We Have an Abuse Problem

When I first saw this book available for pre-order, I knew I would want to read it. We Too: How the Church can Respond Redemptively to the Sexual Abuse Crisis, by Mary DeMuth, tells about how the #MeToo movement intersects with the Church. Her personal experience, years of advocacy, and research gives her an important perspective.

Here are some of my key take-aways:

**This is a problem in OUR churches– not someone else’s church.

As much as it would be easier to assume this is someone else’s problem, the data tells us that’s not true. Leslie Vernick shared that 1 in 4 women are in an emotionally destructive relationship. Abuse is prevalent. Even well-intentioned churches can be ignorant of how abuse looks and how best to respond.   A church may have a procedure that protects their liability, but nothing that actually looks out for the best interest of abuse survivors.  A policy to vet volunteers is not the same as having a procedure in place to thoroughly investigate reports of abuse. Both are necessary. Sadly, most churches do not have a specific procedure in place that ensures the protection of the victim.

**This isn’t just about sexual abuse. 

All abuse (sexual, emotional, spiritual, verbal, power abuse) acts the same. If you care about being a safe person or helping create a safe environment in your church, job, team, or family, this book is helpful. Mary quotes Steven Mintz, “Sexual abuse flourishes in environments with unequal power relationships, particularly when a church’s standing in the community is at stake.” Mary goes on to say, “Sexual abuse always involves the abuse of power and control, and when you have the church leaders needing a good communal and national reputation, survivors take a backseat.”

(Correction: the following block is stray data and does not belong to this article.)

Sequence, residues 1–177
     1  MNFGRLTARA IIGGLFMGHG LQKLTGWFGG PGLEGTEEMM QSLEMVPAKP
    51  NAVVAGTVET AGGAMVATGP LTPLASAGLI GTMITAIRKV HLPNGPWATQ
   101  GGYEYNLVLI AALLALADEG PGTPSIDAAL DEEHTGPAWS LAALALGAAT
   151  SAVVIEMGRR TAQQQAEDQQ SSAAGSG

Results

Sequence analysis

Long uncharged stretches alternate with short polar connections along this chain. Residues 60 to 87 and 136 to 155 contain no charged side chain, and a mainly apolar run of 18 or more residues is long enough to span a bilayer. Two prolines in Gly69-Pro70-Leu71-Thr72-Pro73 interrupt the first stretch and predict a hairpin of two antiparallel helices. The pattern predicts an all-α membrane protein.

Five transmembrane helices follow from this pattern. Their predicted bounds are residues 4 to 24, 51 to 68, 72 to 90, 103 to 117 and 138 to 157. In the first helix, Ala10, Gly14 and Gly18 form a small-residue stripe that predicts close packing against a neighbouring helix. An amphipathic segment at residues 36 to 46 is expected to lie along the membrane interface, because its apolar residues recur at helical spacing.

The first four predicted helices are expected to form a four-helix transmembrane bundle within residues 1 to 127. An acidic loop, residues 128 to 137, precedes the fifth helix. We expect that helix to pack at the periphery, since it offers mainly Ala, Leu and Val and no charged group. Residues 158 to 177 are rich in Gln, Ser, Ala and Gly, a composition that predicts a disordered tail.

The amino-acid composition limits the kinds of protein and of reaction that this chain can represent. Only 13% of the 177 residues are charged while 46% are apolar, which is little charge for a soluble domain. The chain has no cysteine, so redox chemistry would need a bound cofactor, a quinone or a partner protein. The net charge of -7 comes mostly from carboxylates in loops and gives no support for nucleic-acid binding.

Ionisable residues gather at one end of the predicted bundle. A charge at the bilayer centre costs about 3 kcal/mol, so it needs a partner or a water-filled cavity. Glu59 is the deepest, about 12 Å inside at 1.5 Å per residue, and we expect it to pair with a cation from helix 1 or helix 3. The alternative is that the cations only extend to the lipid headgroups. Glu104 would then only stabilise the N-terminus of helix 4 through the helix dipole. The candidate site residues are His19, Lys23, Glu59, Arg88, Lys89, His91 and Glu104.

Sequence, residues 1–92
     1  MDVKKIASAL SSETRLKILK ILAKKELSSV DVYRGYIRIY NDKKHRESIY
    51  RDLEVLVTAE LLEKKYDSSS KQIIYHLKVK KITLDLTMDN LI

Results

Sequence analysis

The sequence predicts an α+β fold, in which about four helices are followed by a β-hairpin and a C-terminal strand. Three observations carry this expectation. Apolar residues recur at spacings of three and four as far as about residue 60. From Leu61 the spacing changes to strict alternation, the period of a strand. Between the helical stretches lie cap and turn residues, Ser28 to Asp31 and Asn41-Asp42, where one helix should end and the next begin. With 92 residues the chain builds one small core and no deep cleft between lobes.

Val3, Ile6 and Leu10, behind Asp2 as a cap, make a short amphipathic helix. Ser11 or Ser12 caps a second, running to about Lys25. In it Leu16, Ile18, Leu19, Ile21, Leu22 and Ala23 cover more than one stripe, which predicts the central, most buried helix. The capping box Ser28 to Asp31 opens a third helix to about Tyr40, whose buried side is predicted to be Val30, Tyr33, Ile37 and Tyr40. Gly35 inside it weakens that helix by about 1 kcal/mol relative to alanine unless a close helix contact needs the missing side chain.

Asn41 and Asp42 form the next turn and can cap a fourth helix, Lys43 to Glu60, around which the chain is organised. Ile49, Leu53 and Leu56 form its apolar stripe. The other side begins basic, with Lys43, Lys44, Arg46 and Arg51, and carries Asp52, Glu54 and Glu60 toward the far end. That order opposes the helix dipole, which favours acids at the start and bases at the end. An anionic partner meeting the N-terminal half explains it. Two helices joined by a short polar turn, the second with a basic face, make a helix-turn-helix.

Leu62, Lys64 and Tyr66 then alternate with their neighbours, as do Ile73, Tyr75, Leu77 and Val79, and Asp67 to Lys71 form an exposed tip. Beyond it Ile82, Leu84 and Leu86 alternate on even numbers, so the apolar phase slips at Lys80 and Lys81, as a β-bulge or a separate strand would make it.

If we don’t want to be a part of a place where abuse flourishes, we need to take an honest look at what the power differentials look like. What checks and balances are in place? To what end would we defend our reputation?

Boz Tchividijian, lawyer/abuse advocate says this: “Too many protestant institutions have sacrificed souls in order to protect their institutions.”

**We need to understand how abuser/predators operate.

Mary shares a few traits in her book. This is just a few of them:

-They are never wrong.

-Abusers create elaborate conspiracy theories to deflect and to keep from being found out.

-They convince you that they are the victim. “Be hyper-vigilant when a person demeans their accusers or gossips maliciously about anyone who has brought an accusation to light.”

-Predators/Abusers don’t look like your stereotypical bad guy. Many are charming and highly regarded in their communities.

An abuser who is caught may offer repentance that is superficial.  It is vague and non-specific. I underlined this quote from Mary in my copy of the book: “Genuine repentance is always specific and is followed by a remorseful apology and acts of restoration. The one who truly repents cares nothing for their reputation.”

**We need to proactively address this problem.

Don’t wait to take action. There are things you can do today. We Too, has a chapter dedicated to practical things you can do. My favorite one is connected to my previous point. Educate yourself and those around you.

These are some resources I highly recommend:

We Too: How the Church Can Respond Redemptively to the Sexual Abuse Crisis.

Why Does He Do That? Inside the Minds of Angry and Controlling Men

What is a Girl Worth?

Child Safeguarding Policy Guide

Safeguarding certification for your church

Videos:

Suffering and the Heart of God: How Trauma Destroys and Christ Restores

Winter Inside the Church and Hope For Spring

 

I’ll wrap this up with a quote from Mary DeMuth’s We Too Manifesto:

“We repent of our penchant for institutional protectionism. Instead of indifference, we choose active compassion. Instead of deafness, we choose to dignify people by listening to their stories. Instead of shrinking back in fear of the messiness of sexual assault, we choose to face the Goliaths of those churches and institutions that would rather dabble in reputation management than participate in righteous repentance.”

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